Whilst still an undergraduate student, I had a rather simplistic view about education: that all pedagogical methods are magic formulae (be it communicative language teaching, task-based learning, problem-based learning, enquiry learning, etc.), that teachers can make a difference to students’ lives. Does this view still ring true after several years of teaching, reading, and encountering different people in my career? My answer is ambivalent. It is still an affirmative ‘yes’, but also a cautionary ‘yes’.
I am more conscious of the daily reality that teachers are facing. The following scenario is not fictitious, but is the brutal reality that you may see in a poverty-stricken school in Hong Kong: most students are new immigrants coming from Mainland China and barely understand the English alphabet; parents can’t show up on parents day because some are in jail or some are sex workers touting for business in Portland Street; after school, some girls engage in ‘compensated dating’ instead of learning; students with emotional and behavioural difficulties openly defy school authority and fall prey to the triads such as 14K or Sun Yee On; succumbing to despair, teachers would rather spend their energy on investment, property, pensions, perks, planning their bourgeois holidays overseas, not because they lose heart but we tend to choose the easy path. After all, human beings give us frustrations.
Meanwhile, those in power who live in the cloud-cuckoo world probably believe that our education system, after the brutal assault of neoliberal reform since 2000, is a miracle of East Asia admired by political leaders in the West (- Remember the educational performance in Hong Kong, South Korea and Singapore were always on the lips of Michael Gove, the former education secretary in the UK?). Like most middle-class parents, if I had kids, I’d rather send them to fee-paying schools, make sure they aren’t ‘contaminated’ by the problematic kids who upset the whole apple cart, and meticulously groom them for studying in Cambridge one day and a bright future thereafter. Isn’t it a new apartheid of ‘divide and rule’? Now with STEM or STEAM education on the rise, people like Anthony Leung, the ibanker-turned-politician who pioneered the neoliberal education reform years ago, still attempt to impose their ideals upon every school come what may as if the education system needs a ‘permanent revolution’. Meanwhile, to them and even the teachers unions, the social ills in schools I just describe were non-existent. How pathological!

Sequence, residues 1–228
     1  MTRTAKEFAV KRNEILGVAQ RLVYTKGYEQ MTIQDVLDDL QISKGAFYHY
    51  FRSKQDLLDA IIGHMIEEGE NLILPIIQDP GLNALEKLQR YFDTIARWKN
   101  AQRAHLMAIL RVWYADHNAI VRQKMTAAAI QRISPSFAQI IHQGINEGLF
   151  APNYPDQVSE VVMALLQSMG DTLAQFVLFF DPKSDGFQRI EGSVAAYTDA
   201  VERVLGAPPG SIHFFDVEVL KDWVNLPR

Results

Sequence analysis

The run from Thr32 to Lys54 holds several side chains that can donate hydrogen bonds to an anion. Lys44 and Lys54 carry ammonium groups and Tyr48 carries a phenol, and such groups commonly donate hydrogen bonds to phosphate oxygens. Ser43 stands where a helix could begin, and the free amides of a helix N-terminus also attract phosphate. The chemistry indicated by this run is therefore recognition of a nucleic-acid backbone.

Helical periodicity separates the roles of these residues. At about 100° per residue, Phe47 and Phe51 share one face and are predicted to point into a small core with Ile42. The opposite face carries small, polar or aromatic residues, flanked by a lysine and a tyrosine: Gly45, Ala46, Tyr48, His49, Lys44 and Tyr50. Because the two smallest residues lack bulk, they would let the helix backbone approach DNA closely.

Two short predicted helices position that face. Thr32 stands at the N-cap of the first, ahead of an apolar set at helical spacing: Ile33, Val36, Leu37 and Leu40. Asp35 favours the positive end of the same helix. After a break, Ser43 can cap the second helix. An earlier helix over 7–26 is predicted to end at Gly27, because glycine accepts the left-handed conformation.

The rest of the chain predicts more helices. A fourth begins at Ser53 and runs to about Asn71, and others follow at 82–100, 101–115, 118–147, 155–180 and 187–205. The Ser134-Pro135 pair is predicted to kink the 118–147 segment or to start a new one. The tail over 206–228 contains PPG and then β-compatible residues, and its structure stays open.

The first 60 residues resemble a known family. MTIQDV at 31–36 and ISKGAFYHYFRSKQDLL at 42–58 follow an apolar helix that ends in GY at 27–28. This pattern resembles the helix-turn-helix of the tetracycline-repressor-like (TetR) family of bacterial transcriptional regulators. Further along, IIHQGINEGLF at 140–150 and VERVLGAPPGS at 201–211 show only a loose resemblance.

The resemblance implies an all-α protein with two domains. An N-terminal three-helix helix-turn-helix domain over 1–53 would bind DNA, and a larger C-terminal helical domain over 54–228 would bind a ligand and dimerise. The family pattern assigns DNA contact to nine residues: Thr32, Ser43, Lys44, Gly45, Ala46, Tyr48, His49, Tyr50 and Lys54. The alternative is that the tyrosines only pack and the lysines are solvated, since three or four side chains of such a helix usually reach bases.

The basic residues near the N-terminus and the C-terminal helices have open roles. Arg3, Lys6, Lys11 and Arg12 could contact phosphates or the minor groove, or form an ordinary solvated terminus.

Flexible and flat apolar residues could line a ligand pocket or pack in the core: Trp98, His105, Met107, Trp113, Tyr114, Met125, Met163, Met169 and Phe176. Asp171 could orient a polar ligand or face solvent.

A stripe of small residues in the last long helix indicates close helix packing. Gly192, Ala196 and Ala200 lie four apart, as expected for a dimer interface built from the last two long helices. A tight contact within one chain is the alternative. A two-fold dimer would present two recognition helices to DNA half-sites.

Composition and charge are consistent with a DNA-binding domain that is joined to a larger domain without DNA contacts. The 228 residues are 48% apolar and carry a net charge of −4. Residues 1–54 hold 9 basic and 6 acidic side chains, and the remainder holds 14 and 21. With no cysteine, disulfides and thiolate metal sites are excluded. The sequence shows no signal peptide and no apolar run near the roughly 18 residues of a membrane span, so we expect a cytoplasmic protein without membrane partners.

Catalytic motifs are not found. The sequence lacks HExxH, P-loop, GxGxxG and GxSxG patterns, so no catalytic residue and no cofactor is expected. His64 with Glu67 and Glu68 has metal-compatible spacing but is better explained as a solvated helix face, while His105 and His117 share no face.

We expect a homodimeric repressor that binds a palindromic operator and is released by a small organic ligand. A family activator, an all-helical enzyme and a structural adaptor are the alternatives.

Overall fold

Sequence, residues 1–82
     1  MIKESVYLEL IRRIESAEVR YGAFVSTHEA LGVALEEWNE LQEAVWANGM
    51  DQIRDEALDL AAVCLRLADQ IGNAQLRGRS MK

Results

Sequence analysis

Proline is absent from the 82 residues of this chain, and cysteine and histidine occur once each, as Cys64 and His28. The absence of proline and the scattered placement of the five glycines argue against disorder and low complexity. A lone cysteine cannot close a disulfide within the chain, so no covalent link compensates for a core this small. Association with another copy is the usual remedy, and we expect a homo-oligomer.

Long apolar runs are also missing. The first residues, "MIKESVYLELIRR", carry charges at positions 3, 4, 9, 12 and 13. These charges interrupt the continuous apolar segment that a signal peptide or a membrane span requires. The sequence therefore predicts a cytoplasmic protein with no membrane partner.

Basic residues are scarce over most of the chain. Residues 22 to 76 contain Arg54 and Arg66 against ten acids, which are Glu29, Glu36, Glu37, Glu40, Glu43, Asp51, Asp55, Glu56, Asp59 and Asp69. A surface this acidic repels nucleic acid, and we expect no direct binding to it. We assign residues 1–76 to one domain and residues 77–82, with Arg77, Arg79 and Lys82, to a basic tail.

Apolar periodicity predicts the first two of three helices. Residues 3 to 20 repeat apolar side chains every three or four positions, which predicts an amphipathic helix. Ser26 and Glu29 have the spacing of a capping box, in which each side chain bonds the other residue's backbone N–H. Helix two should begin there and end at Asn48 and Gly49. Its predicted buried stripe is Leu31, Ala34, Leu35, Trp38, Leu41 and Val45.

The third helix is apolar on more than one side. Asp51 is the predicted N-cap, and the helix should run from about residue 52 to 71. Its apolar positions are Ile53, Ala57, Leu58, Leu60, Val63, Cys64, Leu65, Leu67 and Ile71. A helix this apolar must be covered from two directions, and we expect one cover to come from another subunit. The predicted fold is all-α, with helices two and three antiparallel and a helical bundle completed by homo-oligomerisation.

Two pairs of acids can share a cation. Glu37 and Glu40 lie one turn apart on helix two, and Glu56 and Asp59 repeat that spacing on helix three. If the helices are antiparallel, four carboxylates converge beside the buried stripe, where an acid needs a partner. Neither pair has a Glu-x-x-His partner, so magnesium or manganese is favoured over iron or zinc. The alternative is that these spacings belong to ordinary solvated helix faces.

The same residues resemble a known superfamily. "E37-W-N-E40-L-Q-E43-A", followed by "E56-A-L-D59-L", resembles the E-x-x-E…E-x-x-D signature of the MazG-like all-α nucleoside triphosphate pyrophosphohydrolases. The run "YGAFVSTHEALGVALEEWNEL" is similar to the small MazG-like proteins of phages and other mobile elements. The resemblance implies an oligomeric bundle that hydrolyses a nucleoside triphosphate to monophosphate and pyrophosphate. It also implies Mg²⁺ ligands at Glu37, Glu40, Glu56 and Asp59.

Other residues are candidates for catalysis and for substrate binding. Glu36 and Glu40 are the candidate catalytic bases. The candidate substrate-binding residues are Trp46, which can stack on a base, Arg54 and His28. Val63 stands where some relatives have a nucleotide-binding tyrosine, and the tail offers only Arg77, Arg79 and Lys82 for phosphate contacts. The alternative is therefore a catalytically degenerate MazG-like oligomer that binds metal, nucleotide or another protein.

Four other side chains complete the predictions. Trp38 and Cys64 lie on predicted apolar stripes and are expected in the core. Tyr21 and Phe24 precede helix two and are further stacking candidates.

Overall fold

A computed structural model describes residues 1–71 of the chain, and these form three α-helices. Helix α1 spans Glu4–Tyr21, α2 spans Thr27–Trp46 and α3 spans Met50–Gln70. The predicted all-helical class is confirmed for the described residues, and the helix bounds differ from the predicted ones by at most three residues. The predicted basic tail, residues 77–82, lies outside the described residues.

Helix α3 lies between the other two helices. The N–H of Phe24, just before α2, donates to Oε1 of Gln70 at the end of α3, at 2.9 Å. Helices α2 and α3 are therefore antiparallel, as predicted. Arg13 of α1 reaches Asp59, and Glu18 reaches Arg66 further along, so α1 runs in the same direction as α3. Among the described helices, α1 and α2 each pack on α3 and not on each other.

Can we turn everyone into bright, successful entrepreneurs as promised by politicians in their lip service to reform? I can’t say the system is a failure or any reform policy is futile, but we need to remind ourselves that the path to social change through education reform is surely a difficult way. As Gert Biesta wrote in his latest book The Beautiful Risk of Education, the educational way is ‘the slow way, the difficult way, the frustrating way…the weak way’ (2013, p.3). We always want to wipe out the risks hidden in our society: the students from hell, the monster parents, culture of rote-learning, etc. We want to carve ‘a safe and risk-free space’ and reach our ideals of ‘knowledge economy’, ‘creativity’, ‘innovation’, ‘entrepreneurship’, etc. but unfortunately, like the reverse of the Murphy’s law, the more we desire to make education strong, predictable, and risk-free, it is more likely that our plan is doomed to failure. We have to admit this: somehow ‘weakness’ or ‘sickness’ defines our educational system and our society. Problems won’t go away after a flurry of reform actions since 2000. Just like the scenario I describe earlier, the social ills still exist in a poverty-stricken school in 2017, not the schools in the 1960s. That is the brokenness of our system despite education reform. It is the reality but few of us pluck up the courage to admit this. Perhaps that’s the first step towards change before we talk about any grand ideas.
But do I buy the argument that education inevitably perpetuates and reproduces social inequality? Here, I think the point made by the late British sociologist of education Basil Bernstein is instructive: that education cannot compensate for our social ills, and yet it carries the potential to disrupt the existing order of things, and it takes time. As Biesta comments in his book, ‘the educational way is the slow way, the difficult way, the frustrating way…the weak way, as the outcome of this process can neither be guaranteed nor secured.’ (Biesta, 2013, p. 3). The change is not guaranteed, but this doesn’t mean we do nothing. We need to prepare for it. I’m not saying that the pedagogical methods I’m now teaching at university don’t work and therefore it’s a waste of time to pick them up, but my argument is that before we lay out a grand plan characterised by idealism, perhaps we need to keep our feet on the ground first.
‘In realism you are down to facts on which the world is based: that sudden reality which smashes romanticism into a pulp. What makes most people’s lives unhappy is some disappointed romanticism, some unrealizable or misconceived ideal. In fact you may say that idealism is the ruin of man, and if we lived down to fact, as primitive man had to do, we would be better off.’ (James Joyce, on his letter to Arthur Power about his magnum opus Ulysses).
The next post will be about Jacques Rancière’s idea of ’emancipation’ as discussed in Biesta’s book.